Employment Law rules change in March 2019
Additional Employment Law rules apply since March 2019. What does this mean for your business?
The changes to employment law since 4 March 2019 are to protect vulnerable employees and put more obligations on the employer.
Some of these new additional requirements include:
The employee is to receive a minimum amount of information within 5 days of joining (commencement of employment):
• The name of the employer and employee;
• Address of the employer;
• The expected duration of the contract if it is a temporary contract;
• If it is a fixed term contract the date when the contract comes to an end;
• The rate of pay or how salary is calculated and the pay reference period;
• The hours of work per day and per week.
These requirements are in addition to the existing obligations under the Minimum Terms of Employment that must be provided to an employee within 2 months of joining.
If an employee does not work all of the contract hours in a week or work that the employee is required to do has been done by others then the employee will receive a minimum payment of the lesser of 25% of the hours or 15 hours.
This is a minimum payment and it is calculated at 3 times the national minimum hourly wage (currently €9.80 *3 = €29.40) or wage set by an employment regulation order.
This applies if an employee is engaged for a certain number of hours per week or to make himself available as and when the employer requires him to work.
There are some exceptions permitted for exceptional circumstances or an emergency or for unusual or unforeseeable circumstances where the minimum payment does not need to be paid.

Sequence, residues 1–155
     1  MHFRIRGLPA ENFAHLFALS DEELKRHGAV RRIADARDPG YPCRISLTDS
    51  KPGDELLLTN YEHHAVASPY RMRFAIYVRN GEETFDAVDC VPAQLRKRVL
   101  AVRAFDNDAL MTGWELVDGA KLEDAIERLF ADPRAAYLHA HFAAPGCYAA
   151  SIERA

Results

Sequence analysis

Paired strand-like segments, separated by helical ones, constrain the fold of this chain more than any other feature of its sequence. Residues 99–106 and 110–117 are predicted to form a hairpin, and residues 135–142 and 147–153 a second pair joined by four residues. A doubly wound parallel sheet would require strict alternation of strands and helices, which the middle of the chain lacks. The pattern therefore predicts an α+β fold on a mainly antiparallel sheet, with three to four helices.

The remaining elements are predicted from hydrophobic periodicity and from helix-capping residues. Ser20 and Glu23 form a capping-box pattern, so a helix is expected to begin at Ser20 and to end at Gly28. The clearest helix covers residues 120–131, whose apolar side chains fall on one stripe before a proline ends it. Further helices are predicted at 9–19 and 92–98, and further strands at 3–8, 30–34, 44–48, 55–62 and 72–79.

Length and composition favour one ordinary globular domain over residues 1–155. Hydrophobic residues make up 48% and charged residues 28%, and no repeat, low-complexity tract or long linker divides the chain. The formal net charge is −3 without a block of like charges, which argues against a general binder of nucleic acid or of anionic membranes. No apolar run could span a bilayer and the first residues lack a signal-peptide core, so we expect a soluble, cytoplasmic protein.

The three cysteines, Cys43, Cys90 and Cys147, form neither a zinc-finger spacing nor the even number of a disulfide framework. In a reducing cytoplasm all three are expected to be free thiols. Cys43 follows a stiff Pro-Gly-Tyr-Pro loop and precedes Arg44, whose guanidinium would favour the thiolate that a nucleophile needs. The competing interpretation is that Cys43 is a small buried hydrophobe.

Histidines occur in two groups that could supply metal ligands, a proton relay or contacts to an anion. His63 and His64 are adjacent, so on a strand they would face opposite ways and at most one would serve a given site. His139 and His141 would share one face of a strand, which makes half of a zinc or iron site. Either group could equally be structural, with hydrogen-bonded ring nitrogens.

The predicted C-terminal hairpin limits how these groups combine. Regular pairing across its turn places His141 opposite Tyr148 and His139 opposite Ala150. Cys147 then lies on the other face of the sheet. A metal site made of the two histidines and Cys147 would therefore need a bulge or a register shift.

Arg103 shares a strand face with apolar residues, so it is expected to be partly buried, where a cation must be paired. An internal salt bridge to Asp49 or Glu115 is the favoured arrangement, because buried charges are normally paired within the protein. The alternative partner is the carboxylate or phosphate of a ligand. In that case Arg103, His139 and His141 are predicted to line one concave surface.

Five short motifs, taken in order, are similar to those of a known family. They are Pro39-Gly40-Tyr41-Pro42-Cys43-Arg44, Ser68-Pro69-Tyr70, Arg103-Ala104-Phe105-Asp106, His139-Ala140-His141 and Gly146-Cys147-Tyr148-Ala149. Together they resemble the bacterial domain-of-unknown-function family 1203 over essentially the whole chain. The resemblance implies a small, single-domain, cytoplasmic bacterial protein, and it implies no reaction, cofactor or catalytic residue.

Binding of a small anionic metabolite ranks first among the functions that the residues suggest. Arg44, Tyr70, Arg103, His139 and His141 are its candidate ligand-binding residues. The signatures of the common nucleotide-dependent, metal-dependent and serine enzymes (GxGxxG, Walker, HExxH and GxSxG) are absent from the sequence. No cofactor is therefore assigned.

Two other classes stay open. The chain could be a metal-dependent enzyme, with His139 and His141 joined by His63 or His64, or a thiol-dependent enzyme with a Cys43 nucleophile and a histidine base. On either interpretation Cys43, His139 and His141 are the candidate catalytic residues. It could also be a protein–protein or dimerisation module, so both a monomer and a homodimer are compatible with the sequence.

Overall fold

Except for work of a casual nature or for an emergency or short-term relief work there is a prohibition on zero hours. It must be genuine casual work to be excluded in that the person can turn down the request to work without any consequences.
If an employee’s contract does not reflect the actual hours worked for a 12 month period the employee can request to be placed in a band of weekly working hours for the next 12 months. The band is based on the average weekly hours worked.
Only in limited circumstances can the employer refuse the request.
An employee is protected against penalisation for seeking these rights.
Detailed legal advice should be taken to ensure that you correctly implement these new employment law requirements.
Contact us if you would like to discuss your additional obligations and rights.
The material in this article is for general information purposes only and does not constitute legal or taxation advice. Specific legal and taxation advice should be sought before acting. All information and taxation rules are subject to change without notice.
No liability whatsoever is accepted by M. McLoughlin & Co. for any action taken or not taken in reliance on the information in this article
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